Jess May – Enabled Employment

Jess May - Enabled Employment

Jess May – Enabled Employment

What’s your company’s point of difference?

Enabled Employment uses a mainstream recruitment company model, but uses positive discrimination to provide job opportunities to our inclusion groups. These are people who have trouble accessing work opportunities because of discrimination, such as people with a disability, ex-Australian Defence Force personnel and their family members, seniors, carers and Aboriginal and Torres Strait Islanders.

The employers who advertise jobs on our site are specifically looking to increase their diversity in the workplace, and be inclusive of the entire range of people who represent real diversity.

We broker accessibility arrangements for those who require them, and employers who work with us don’t receive government subsidies for employing a person from our candidate pool. We decided to run the company without the government subsidies available under the Australian Government Disability Employment Framework and other employment schemes, firstly to show what people with a disability can do through establishing a successful business, and secondly to lead the way forward in eliminating discrimination in employment by normalising the recruitment of the best candidate for the job.

How did Head Over Heels provide practical support?

Heads Over Heels has arranged the most amazing introductions to both investors and to potential employers, and the business mentoring I’ve received has been invaluable. Heads Over Heels supported us in practical terms in so many ways, in business, introductions, networking, mentoring and even with media liaison when we travelled to New York to accept three Gold Stevie Awards® and a Silver Stevie Award® for Women in Business.

 What is the single biggest thing that helped you grow?

Adversity and developing resilience has helped me grow, facing adversity in finding the right investors in a business that many were sceptical would work, and in life generally. To succeed in changing the world, you need situations in which you face adversity, because your resilience and strength will grow from it. Challenge makes you stronger, in a business sense, if you’re determined to change the status quo.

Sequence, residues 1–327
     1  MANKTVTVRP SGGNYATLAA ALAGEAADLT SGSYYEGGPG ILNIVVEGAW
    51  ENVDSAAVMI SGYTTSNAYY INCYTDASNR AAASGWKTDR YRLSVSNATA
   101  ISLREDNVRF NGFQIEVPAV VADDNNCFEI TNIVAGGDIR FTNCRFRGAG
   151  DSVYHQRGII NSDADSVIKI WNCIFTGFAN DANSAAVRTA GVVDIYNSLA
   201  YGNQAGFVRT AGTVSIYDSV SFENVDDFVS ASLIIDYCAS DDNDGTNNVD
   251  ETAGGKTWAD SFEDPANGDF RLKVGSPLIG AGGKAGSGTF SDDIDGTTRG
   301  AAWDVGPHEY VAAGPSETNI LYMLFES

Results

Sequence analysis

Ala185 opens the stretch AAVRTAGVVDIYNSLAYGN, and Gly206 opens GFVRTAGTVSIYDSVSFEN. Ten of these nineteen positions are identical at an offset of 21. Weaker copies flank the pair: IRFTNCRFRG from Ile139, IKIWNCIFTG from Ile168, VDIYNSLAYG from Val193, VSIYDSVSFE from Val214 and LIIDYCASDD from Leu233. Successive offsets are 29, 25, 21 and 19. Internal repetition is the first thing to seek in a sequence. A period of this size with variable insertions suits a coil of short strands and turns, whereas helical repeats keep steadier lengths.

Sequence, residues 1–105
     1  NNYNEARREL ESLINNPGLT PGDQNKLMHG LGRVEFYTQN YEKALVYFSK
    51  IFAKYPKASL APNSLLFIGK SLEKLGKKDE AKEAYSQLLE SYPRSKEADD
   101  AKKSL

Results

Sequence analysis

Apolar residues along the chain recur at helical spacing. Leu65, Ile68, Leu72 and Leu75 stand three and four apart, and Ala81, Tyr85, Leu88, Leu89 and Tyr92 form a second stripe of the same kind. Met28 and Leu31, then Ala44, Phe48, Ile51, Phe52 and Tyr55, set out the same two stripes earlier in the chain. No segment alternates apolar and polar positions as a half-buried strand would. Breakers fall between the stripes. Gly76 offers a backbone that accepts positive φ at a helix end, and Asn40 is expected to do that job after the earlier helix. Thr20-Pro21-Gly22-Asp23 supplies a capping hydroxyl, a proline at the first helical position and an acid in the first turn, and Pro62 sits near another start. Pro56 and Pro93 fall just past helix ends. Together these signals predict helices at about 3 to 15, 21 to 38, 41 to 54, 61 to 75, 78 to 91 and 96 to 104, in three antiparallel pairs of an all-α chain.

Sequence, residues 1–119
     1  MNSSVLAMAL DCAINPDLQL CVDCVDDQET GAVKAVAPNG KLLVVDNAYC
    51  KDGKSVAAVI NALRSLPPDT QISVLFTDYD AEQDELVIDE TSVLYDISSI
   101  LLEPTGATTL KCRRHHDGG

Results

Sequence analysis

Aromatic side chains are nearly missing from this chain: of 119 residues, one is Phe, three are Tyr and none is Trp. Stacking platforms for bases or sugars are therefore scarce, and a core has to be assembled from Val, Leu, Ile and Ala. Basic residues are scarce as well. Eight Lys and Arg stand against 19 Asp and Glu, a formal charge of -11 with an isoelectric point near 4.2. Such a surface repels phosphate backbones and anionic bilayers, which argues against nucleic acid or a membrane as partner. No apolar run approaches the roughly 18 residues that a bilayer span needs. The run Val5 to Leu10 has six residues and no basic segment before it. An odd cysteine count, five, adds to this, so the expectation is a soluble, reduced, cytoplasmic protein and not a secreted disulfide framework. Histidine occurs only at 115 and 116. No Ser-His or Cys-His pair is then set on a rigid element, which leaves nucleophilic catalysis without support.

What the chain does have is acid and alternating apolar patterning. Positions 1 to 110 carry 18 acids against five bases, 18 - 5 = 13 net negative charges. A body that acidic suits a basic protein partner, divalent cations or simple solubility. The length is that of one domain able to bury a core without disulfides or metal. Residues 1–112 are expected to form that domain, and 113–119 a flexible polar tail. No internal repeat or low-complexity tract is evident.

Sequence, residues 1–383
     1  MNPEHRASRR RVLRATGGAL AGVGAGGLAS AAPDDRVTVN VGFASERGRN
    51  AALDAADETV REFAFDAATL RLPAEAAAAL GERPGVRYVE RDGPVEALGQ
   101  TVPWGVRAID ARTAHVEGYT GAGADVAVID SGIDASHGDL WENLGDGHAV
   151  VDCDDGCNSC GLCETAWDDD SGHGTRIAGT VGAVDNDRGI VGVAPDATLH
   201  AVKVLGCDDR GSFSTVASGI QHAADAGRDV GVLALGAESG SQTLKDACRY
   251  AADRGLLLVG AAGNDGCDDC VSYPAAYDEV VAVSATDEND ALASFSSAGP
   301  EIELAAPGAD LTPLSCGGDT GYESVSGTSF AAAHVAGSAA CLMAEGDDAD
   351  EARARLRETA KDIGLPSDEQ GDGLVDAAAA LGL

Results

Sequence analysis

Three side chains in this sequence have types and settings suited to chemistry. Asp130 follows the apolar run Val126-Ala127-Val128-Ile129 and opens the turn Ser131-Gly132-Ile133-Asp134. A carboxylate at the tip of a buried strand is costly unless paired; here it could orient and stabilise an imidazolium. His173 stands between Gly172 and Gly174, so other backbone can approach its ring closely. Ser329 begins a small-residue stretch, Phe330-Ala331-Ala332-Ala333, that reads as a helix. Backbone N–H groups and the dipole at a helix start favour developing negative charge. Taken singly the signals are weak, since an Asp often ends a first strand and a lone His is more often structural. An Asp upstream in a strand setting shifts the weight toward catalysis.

Who or what were your “connections for growth”?

The connections we received from Heads over Heels have been invaluable and have included our first corporate contract, business revenue from new clients worth over $1 Million and investment in our Company of $250,000.  The mentoring and business connections that I have also built have been a guiding source in understanding and navigating the start-up world and business in general.

What one thing would you do differently?

If I could do one thing differently it would be to have founded Enabled Employment years earlier. But, until 2012, I hadn’t had the circumstances or the idea for the business until I faced my own adverse challenges in the workplace.

 What advice would you offer the women following you?

Be fierce in your belief and fiercer in your determination. If you’re going to change the world, you have to believe you can do it and find ways to make it happen.  Build a team of like minded people, who are just as fierce in their belief and determination, and find great mentors. Be prepared to screen out investors who don’t believe in the social change you’re trying to achieve, and choose a great Board to advise you and the business.

Anything else?

It’s a rollercoaster ride, and it’s wild! Everyone should do at least one startup, it’s a great experience and the entire world opens up to you, and to your idea.


Heads Over Heels

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